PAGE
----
Kagame makes impassioned plea for Africa to stand firm against Western ‘intimidation’

ETHIOPIA. Rwanda President Paul Kagame has asked African Union member states not to be cowed by Western intimidation as the Union moves to implement a string of reforms geared at making the continent self-reliant.

Kagame who has been championing the need for Africa to demand improved engagements that are mutually beneficial when dealing with Western countries, was Monday presenting a report on the implementation of the AU institutional reforms in Addis Ababa, Ethiopia.

Kagame said some aspects of the reforms could cause discomfort among some external partners as it challenges some of their interests as the continent becomes more independent.

“As evidence mounts that this reform is real and irreversible, there have been expressions of polite surprise, bordering on discomfort, from external parties,” Kagame said.

During the its summit in July last year, the African Union tasked Kagame to carry out a study and propose recommendations for institutional reforms to improve the efficiency and transform it into a self-reliant body. To effect this, the Rwandan leader put together a committee comprising experts from various backgrounds from across the continent to study challenges and propose solutions.

The ‘Kagame Report’ was presented to the Union in January by the Rwandan leader, who said Africa cannot leave implementation of institutional reforms to chance or treat it as routine.

“Both in the Assembly of Heads of State and the AU Commission, the responsibility for delivery of the reform agenda must be clearly assigned,” Kagame told the AU leaders, reminding that chronic failure to see through African Union decisions had resulted in a crisis of implementation and a perception that the AU was not relevant to Africans.

The West has often felt uncomfortable with some of the reforms African leaders try to implement. Over time, there have been many instances when Western powers threaten African leaders on policy matters within own sovereignty.

Zimbabwe’s Robert Mugabe donated $1 million to AU yesterday.

A few years ago, Ghana and Nigerian faced the wrath of the US over attempt to implement policies related to ban on import of used garments. More recently, the US threatened to review its trade benefits to Uganda, Rwanda and Tanzania under the African Growth and Opportunity Act (AGOA) over the East African Community countries’ stance on the importation of used clothing, commonly known as Mivumba.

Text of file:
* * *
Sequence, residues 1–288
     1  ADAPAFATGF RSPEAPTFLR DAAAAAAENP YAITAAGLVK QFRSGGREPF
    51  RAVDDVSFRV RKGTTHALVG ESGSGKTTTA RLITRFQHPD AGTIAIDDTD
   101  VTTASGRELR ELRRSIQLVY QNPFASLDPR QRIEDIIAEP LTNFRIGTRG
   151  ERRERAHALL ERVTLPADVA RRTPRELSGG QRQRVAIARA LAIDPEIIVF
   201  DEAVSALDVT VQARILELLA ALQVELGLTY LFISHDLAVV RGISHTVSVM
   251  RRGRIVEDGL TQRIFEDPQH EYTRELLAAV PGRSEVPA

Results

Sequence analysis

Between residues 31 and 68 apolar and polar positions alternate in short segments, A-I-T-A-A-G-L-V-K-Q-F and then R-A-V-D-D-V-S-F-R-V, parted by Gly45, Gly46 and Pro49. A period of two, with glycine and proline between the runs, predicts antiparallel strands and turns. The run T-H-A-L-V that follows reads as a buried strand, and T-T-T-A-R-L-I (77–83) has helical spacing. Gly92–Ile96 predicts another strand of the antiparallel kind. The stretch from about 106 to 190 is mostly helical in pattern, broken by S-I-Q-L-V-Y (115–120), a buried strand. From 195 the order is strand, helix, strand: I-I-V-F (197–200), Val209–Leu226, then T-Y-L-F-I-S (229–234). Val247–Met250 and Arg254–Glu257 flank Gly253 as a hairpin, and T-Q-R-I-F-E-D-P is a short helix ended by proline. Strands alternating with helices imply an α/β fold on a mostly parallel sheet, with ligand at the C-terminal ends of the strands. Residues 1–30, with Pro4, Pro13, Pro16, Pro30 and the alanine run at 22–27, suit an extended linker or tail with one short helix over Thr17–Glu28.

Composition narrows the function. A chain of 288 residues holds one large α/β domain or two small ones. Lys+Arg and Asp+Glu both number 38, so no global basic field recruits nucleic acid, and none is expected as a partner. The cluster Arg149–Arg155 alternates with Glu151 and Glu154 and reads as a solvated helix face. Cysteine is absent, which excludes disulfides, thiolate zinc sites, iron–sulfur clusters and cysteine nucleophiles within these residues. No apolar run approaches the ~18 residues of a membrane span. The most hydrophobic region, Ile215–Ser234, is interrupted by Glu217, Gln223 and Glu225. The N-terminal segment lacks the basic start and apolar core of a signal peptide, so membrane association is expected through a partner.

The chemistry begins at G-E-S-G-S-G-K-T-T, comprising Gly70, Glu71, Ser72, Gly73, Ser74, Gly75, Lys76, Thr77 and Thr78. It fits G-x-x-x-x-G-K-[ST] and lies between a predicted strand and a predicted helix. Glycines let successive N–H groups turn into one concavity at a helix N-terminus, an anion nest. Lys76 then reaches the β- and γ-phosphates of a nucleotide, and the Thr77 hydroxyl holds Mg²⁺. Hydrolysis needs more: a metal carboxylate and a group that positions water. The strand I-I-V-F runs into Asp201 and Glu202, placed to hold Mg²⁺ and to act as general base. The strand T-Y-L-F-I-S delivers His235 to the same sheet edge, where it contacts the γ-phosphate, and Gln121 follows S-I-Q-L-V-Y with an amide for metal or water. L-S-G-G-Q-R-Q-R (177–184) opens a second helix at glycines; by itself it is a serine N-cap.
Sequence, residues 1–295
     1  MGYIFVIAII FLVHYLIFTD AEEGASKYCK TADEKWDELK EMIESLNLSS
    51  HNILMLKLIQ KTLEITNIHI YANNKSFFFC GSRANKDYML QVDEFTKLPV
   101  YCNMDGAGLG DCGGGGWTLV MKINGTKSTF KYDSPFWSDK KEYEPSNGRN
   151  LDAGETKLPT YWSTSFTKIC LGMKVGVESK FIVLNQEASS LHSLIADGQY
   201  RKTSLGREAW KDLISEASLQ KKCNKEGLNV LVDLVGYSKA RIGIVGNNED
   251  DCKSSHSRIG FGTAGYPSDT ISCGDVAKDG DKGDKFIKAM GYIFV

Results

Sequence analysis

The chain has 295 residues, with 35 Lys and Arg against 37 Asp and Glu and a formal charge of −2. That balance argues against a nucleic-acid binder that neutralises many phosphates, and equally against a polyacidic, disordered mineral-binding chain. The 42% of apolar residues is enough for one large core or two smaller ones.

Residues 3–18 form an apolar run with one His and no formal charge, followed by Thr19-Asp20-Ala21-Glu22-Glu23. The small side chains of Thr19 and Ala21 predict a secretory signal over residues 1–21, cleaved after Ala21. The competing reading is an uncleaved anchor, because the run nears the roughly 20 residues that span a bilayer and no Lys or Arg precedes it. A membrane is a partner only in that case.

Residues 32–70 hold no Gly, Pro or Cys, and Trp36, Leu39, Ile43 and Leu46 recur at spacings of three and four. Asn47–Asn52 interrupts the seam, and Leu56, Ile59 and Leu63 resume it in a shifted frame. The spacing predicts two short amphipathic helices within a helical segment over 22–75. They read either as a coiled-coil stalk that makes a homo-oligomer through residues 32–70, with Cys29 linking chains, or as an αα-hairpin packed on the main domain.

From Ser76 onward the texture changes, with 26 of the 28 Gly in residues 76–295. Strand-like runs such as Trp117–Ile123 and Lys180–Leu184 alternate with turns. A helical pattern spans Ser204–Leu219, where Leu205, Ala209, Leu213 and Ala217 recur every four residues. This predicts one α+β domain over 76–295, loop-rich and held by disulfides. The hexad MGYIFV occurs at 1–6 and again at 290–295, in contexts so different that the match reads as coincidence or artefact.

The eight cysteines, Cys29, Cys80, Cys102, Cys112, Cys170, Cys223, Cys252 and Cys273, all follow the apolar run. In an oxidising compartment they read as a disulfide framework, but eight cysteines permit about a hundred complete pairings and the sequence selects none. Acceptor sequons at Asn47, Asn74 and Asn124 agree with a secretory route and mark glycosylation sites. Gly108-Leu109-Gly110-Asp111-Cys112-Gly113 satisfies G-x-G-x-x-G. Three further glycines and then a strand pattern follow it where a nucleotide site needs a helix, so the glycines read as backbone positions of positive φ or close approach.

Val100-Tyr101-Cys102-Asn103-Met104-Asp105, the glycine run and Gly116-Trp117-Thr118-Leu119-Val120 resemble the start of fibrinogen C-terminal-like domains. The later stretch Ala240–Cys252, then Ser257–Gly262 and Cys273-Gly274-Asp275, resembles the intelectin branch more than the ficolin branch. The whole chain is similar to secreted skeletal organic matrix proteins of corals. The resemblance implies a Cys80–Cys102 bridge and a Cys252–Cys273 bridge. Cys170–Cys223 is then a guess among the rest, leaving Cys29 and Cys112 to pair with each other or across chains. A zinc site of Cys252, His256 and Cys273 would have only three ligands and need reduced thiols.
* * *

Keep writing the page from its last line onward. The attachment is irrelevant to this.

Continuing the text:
But Kagame, who last month said Rwanda will make the tough choice in the interest of its citizens and proceed with the planned phase-out of importation of used clothes despite the threats from the US, continues to rally African leaders to stand firm in the interest of their citizenry.

“Accommodating an articulate and effective African Union in the world order challenges entrenched interests and assumptions. In Even those who wish us well may have reason to discourage a more independent and organised Africa. We should be prepared to react accordingly,” he told the African leaders yesterday, adding that the “discomfort among external partners” should always remind the AU member states on the need for the reforms.

The African Union last year adopted a self-financing mechanism whereby a 0.2 per cent levy on eligible imports would be imposed on products from outside Africa. The AU adopted the new proposal. And, as expected, Western forces were not amused.

AU leaders in Addis on Monday.

The World Trade Organisation and the US government moved to arm-twist the agenda by writing to several African Union member states on the legality of the implementation of the new self-financing mechanism, warning that the move is not entirely compatible with its principles.

WTO claimed that members may not apply tariffs on a product coming from one WTO member and not apply the same tariff on the same or like product when it originates in another WTO member. The trade body said this depicts the Union’s self-financing mechanism as “discriminatory.”

But Kagame yesterday told the Union that the reforms will be done with flexibility to ensure that all member states’ concerns were taken into consideration.

“The reform process contains the flexibility to improve as we go along, and we will continue to listen to each other and incorporate feedback. The key principle we must insist on is not to allow political or technical dilemmas to override our strategic imperatives, but rather to address them as they arise,” he said.

Kagame called on the African heads of states to be active participants in the reforms process, saying it was long overdue and a window of opportunity for growth.




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